As EJD said, you can't verify the absence of errors.
This means there are always more tests you could write. Any of these could be useful.
What you need to understand is that unit-testing (and other types of automated testing you use for development purposes) can help with development, but should never be viewed as a replacement for formal QA.
Some tests are much more valuable than others.
There are parts of your code that change a lot more frequently, are more prone to break, etc. These are the most economical tests.
You need to balance out the amount of testing you agree to take on as a developer. You can easily overburden yourself with unmaintainable tests. IMO, unmaintainable tests are worse than no tests because they:
- Turn others off from trying to maintain a test suite or write new tests.
- Detract from you adding new, meaningful functionality. If automated testing is not a net-positive result, you should ditch it like other engineering practices.
What should I test?
Test the "Happy Path" - this ensures that you get interactions right, and that things are wired together properly. But you don't adequately test a bridge by driving down it on a sunny day with no traffic.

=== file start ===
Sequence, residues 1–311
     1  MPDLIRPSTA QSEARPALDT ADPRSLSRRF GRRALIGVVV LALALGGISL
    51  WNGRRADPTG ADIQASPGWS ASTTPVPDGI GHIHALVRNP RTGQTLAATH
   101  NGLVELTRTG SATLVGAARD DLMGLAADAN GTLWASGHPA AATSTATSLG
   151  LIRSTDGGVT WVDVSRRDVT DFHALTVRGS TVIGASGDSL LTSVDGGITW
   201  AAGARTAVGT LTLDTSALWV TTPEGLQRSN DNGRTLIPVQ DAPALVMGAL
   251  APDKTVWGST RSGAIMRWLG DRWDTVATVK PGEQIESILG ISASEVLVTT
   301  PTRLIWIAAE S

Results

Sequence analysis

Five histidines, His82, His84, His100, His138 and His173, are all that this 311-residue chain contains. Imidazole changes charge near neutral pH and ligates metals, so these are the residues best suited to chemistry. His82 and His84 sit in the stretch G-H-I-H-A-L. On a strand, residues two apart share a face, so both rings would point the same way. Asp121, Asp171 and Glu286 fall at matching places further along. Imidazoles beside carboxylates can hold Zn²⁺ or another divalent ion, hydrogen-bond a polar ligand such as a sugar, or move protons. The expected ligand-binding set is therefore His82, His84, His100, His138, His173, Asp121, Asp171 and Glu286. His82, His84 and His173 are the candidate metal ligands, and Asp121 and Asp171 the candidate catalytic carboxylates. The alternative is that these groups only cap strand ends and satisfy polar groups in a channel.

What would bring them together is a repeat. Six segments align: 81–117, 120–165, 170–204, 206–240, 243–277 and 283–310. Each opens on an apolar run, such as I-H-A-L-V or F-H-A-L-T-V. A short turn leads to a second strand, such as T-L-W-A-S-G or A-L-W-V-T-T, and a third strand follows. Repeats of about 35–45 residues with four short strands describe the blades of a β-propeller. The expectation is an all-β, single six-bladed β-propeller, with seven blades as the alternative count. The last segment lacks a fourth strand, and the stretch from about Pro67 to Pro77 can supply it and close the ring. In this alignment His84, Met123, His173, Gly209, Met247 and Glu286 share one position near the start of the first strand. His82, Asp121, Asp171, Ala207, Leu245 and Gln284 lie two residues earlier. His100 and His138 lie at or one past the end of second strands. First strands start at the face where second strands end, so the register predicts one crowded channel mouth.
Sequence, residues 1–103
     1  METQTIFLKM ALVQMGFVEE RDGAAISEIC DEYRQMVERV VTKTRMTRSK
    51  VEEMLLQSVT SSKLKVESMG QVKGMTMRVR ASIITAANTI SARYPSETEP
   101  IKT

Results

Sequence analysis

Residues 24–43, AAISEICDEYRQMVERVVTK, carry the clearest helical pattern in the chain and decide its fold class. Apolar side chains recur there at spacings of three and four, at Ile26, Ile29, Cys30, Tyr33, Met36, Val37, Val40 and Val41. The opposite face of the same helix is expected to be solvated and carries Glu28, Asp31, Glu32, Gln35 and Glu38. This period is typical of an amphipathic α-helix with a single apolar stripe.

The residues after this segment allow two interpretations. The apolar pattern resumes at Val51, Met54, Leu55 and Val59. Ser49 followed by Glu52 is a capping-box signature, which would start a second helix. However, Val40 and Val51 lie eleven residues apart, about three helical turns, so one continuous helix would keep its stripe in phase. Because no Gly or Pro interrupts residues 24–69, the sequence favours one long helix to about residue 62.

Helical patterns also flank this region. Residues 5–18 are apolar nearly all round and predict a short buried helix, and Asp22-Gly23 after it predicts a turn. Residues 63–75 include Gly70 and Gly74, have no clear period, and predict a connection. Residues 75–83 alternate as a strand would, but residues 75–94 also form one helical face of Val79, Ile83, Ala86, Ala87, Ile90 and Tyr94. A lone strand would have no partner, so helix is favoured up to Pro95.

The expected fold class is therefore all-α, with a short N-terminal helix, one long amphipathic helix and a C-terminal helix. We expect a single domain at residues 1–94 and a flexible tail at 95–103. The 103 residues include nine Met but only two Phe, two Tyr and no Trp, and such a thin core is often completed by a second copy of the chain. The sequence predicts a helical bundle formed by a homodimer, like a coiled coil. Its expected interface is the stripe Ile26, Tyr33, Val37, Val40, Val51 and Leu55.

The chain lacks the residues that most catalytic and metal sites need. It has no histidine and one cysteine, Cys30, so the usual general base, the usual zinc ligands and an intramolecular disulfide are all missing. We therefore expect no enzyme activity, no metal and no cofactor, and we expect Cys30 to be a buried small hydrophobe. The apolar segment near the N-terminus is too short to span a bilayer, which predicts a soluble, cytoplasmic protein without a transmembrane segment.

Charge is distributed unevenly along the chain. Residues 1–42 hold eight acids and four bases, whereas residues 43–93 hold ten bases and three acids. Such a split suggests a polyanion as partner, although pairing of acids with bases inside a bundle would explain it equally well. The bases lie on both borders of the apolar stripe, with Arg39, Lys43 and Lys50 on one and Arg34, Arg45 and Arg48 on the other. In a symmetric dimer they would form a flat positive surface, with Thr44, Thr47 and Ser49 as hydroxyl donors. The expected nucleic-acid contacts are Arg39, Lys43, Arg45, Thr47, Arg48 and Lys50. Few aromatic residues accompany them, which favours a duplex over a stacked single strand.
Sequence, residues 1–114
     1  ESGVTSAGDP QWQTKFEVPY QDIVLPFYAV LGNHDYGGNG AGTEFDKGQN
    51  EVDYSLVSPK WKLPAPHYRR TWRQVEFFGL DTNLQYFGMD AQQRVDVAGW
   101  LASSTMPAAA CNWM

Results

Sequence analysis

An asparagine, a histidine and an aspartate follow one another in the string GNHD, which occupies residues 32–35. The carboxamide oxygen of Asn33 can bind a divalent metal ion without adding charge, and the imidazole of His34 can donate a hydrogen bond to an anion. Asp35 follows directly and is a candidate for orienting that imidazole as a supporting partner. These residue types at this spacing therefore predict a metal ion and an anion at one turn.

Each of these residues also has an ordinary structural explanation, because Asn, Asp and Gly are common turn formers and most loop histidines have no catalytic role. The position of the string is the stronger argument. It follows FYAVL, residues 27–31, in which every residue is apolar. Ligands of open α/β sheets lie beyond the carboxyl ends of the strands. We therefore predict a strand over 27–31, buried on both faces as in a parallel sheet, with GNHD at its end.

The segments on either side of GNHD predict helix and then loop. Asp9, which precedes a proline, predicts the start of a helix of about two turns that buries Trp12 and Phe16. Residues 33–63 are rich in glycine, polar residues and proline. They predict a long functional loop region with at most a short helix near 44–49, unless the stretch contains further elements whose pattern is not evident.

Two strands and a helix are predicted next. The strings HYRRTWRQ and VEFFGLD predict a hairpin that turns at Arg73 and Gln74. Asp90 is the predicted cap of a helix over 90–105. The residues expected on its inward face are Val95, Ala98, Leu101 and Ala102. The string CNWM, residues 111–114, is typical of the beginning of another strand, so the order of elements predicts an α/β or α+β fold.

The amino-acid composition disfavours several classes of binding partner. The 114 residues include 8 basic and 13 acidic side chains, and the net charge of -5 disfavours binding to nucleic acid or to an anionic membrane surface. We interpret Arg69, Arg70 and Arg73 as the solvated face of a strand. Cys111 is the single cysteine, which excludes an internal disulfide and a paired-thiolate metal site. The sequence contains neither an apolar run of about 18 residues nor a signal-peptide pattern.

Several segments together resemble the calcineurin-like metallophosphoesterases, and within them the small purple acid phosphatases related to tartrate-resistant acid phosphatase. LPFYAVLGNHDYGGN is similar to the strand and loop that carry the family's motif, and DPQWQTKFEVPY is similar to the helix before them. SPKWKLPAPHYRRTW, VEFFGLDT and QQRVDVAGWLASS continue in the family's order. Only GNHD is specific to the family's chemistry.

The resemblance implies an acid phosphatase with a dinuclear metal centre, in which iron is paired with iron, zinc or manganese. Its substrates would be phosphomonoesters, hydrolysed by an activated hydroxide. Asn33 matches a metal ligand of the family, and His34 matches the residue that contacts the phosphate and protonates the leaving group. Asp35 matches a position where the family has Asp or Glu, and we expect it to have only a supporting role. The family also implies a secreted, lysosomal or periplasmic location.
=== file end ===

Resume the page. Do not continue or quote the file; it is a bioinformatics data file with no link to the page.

Pragmatic Unit Testing recommends you use Right-BICEP to figure out what to test. "Right" for the happy path, then Boundary conditions, check any Inverse relationships, use another method (if it exists) to Cross-check results, force Error conditions, and finally take into account any Performance considerations that should be verified. I'd say if you are thinking about tests to write in this way, you're most likely figure out how to get to an adequate level of testing. You'll be able to figure out which ones are more useful and when. See the book for much more info.
Test at the right level
As others have mentioned, unit tests are not the only way to write automated tests. Other types of frameworks may be built off of unit tests, but provide mechanisms to do package level, system or integration tests. The best bang for the buck may be at a higher level, and just using unit testing to verify a single component's happy path.
Don't be discouraged
I'm painting a more grim picture here than I expect most developers will find in reality. The bottom line is that you make a commitment to learn how to write tests and write them well. But don't let fear of the unknown scare you into not writing any tests. Unlike production code, tests can be ditched and rewritten without many adverse effects.